It is a great privilege for me to be sharing words with you today. Because Joseph, has a very special place in my heart. Not only did I have the honour to share my thoughts on this quiet, yet incredibly important man in the story of Jesus last year in Wiky on the feast of St Joseph, but ever since I’ve come back to the Church, he’s been a presence in my life…but my main focus today will be on the readings…and yes, I will be channeling a little bit of Jonathan Goldstein for this one ( Jonathan is a broadcaster on the CBC who is a great story teller. He has retold the story of the nativity from the perspective of Joseph)
My initial reaction was to assume that the 2nd Samuel passage was a little at odds with the story of Joseph, and even more so with that of Jesus. I mean, if we think of the prophetic lines about the coming of david’s offspring that will establish a new kingdom pleasing to the eyes of God and see that from a Christian perspective, it makes sense…but it probably would have had a very different meaning for even someone like Joseph. Although I’m sure Joseph understood that he came from the royal line of David, it had been so long since the collapse of the kingdom, that this royalty thing may have been nothing more than a distant dream to him, if even that. Perhaps, like many of his countrymen, he still had hope for the coming of a King that would restore the kingdgom of Israel, and return a sense of pride to the Children of Israel. Although this simple carpenter was probably not a radical nationalist, we can imagine that he still had dreams that he would see his people’s glory restored by this great messiah, this son of the Great I am.
So imagine his shock…when he learned that it was his Mary, that would carry this great king…and that the king would not sit on a royal throne –as Nathan had prophesied-and restore the glory of Israel, but he would be humble, poor, and yet, still save the world from it’s sinfulness, and lead them into a new kind of glory…not the one that Joseph and his countrymen had been dreaming about. Not an earthly glory, but one that came from God. The Kicker for me, every time, is that…Joseph goes with it, without a moment’s hesitation. Even Mary questioned a little bit “ you sure I’m going to bring a baby into the world?? Oh Gabriel…did no one ever give you the birds and the bees talk…”. And this wasn’t even a dream for her..this was an actual angel standing before her talking right at her, telling her how things would unfold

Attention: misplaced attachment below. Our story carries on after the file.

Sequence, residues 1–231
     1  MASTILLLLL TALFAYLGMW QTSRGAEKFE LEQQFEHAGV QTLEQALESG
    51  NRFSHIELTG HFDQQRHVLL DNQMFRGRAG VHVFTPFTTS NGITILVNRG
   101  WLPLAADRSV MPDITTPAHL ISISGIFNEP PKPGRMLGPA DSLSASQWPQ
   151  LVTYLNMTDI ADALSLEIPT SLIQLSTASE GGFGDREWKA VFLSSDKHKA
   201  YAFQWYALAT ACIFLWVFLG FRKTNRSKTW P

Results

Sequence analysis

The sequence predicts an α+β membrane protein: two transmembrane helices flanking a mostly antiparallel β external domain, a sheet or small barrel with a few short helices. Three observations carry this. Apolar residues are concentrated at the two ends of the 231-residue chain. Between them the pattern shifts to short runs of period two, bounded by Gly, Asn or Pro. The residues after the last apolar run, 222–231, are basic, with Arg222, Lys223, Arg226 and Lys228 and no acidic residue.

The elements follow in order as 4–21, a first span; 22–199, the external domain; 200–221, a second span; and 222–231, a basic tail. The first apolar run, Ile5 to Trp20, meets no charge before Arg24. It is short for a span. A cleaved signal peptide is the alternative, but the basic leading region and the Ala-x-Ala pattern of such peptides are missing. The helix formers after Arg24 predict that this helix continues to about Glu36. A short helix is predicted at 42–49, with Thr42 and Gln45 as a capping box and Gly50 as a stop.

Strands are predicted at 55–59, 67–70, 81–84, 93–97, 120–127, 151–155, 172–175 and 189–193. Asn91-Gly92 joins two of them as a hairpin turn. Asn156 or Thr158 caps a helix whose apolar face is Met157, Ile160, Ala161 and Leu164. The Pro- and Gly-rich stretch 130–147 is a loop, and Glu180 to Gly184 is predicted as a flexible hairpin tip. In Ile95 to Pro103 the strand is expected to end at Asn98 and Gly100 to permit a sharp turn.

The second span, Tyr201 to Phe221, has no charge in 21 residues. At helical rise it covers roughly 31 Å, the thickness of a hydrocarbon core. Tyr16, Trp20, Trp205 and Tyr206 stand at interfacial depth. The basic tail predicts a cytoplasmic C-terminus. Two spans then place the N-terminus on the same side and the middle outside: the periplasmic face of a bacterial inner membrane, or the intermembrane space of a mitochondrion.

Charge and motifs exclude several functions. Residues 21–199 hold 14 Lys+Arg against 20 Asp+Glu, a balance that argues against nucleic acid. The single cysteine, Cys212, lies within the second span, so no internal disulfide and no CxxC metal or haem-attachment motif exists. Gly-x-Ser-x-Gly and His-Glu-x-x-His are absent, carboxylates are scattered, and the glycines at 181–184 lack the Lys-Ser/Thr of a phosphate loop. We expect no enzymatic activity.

Our boy Joseph, all he had to go with was a dream…a dream that awakened something in his faith, that connected him with God’s almighty plan, but still just a dream.. Do you realize how foolish any of you would look today if you were making some radical life altering decisions, and when people ask you “ What could possibly possess you to do something so ludicrously insane??”, you meekly answered “ God told me in a dream.” That’s it? One dream? You didn’t discern for a couple of days or pray about this…you just...took instructions from an angel you saw in a dream and took off??? .
Well yeah. That’s what people who are in love do. They don’t listen to the logic of the world around them. Joseph’s love for Mary is so deep, that he is willing to go against the conventions and laws of the times, and doesn’t tell anyone about her ‘secret baby’ but decides to divorce her..quietly, without making any fuss, so that she could keep her dignity. A great sign that this man’s righteousness surpassed that of his world.
Because of that… I do not think God could have chosen a more perfect father for Jesus. A man who so open to listening to the voice of the divine within him;, a man so commited to a deep experience of love that he would allow his own world view to be challenged and transformed; a man faithful, and unquestioning in his faith until the very end.
We know way too little about St Joseph, and I find that a shame. I
suppose we can always turn to St Brother Andre and the inspiring model
of humility and healing he brought to the world, to remind us of the
grandeur of this man, a silent figure, but an integral part
of the greatest story ever lived.